I’m not sure about God

I’m not sure about God. 

Not the one I learned about in Sunday School anyway.

I know there’s a force in my life and heart that’s greater than me. Something that gives me strength and courage. Something to hold on to. I have no doubt about that.

But if it’s not God, then what?

A Higher Power of my own choosing?

The Universe?

Guardian Angels?

The forces of Mother Nature?

Maybe it’s my mum who died in 1984 and whose presence I still feel every day.

Many years ago, I met a man named Arthur. He lived in London’s East End. I had never laid eyes on him in my life before that Saturday morning at my niece’s house in Forest Gate.

He told me we were destined to meet.

Then he told me things about myself that only I knew. 

He told me things that would happen to me and they did.

He told me my mum was standing next to me, watching out for me, and described her perfectly, right down to the grey streak that ran through her hair. He had never met her either. What’s more, she had been dead for over ten years at that point.

I asked him how he knew so much about me and he said without further explanation: “It’s what I do.”

I should have been freaked out. But for some reason, I wasn’t.

I’ve often wondered whether Arthur was God. Or that God appeared in the form of Arthur because he wanted to speak to me directly.

I was at a pretty low point in my life then. The sadness of a divorce I didn’t want. Feeling estranged from my children. Battling the alcoholism I wouldn’t admit to. I remember distinctly saying to my sister: I am so unhappy.

I talked to Arthur a couple of times on the phone after that. I told him I’d like to write his story but he said no. Then we lost touch. Or maybe we haven’t. Maybe Arthur is watching over my shoulder all these years later as I type the introduction to this book.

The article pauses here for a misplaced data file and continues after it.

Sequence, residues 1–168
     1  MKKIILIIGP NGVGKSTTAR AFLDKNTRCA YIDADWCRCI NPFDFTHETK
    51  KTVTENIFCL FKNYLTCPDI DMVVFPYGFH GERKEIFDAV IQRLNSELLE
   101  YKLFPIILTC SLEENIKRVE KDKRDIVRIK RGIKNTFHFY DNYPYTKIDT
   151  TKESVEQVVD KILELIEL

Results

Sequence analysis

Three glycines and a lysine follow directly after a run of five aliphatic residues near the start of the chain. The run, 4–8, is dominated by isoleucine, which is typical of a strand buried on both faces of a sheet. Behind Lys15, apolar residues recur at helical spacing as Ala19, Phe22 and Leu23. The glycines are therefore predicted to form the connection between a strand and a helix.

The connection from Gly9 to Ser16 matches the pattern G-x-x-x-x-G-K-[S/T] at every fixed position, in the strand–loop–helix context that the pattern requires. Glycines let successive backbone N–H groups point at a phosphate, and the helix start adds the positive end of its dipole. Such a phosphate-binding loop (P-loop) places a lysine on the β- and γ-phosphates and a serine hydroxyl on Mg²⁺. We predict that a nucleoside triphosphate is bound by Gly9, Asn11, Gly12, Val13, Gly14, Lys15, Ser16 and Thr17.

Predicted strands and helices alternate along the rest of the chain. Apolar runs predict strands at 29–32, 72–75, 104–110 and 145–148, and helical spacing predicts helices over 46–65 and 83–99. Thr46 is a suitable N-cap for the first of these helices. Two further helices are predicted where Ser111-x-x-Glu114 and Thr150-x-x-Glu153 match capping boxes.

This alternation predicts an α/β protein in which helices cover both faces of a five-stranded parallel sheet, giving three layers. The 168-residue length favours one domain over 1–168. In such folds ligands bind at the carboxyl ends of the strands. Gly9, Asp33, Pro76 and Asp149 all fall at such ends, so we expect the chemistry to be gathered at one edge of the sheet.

Arthur changed something in me.

It was at that point I segued from writing advertising copy to writing personal essays that made me happy. I wrote about my childhood. I wrote about the joy I felt when I went to Sunday School at the London City Mission. Mr. Phipps was the minister and Mrs. Phipps played the piano. I loved the choruses we sang: “In my heart there rings a melody…”  

I wrote about the day I was awarded a New Testament Bible for memorizing verses.

John 3.16.

For God so loved the world, that he gave his only begotten Son. That whosever believeth in him…

And I do.

I believe there was a man named Jesus who lived two thousand years ago and who walked from town to town in what we now refer to as the Middle East.

I guess it follows that if I’m not sure about God, then I’m not sure that Jesus was the Son of God.

I know I don’t believe this man named Jesus had otherworldly gifts.

I don’t believe he could turn water into wine. Or that he could raise people from the dead. Or that he could heal people just by touching them.

As far as the miracles are concerned, I like to read between the lines on those as you’ll see later in this book when I talk about TheFive Loaves and Two Fishes.

Although not miracle performing, I do believe that Jesus had a special gift. Or rather, he gave them.

He gave the gift of kindness. 

And compassion. 

And generosity of spirit.

He looked out for the downtrodden. He felt the rich could do more for the poor.

He preached gratitude. Being thankful for the things we have instead of wishing for things that we don’t.

He taught us humility. How not to overate our own importance.

He taught love—a gift we could allgive if we wanted to.

These are perennial lessons, don’t you think?

And look at the gift of all those great expressions he gave us that we still use today: He thinks he can walk on bloody water!

If he really told them as documented, I think his parables were brilliant insights. They also show how little the world has changed. 

In the parable of The Hidden Treasure, Jesus explains how little realhappiness there is in worldly possessions. Try telling that to a world where we have to have everything and have it instantly. Priority shipping only!

Here’s the thing about the miracles and what you can take away by reading between the lines—by not taking everything in the Bible literally. 

Let’s talk about the Resurrection for a moment. So what if Jesus didn’t actuallyrise up on Easter morning?

His resurrection is real nonetheless. He came back from the dead in a sense, didn’t he?

Look, two thousand plus years later, we’re still talking about him. He’s as alive today in people’s minds (and hopefully, hearts and actions) as he was back then.

Just like my mum is alive in my heart and mind and the hearts and minds of all my brothers and sisters.

And it’s not just life after death. It’s love after death.

Especially if you live like Jesus did. Putting others before yourself. Trying to see the good in people. Not rushing to judgement because someone is different from you.

Yes, I know, we’ve heard all that stuff before. And naturally we say, YES! That’s how I live.

But do we?

I’m not sure about God available now

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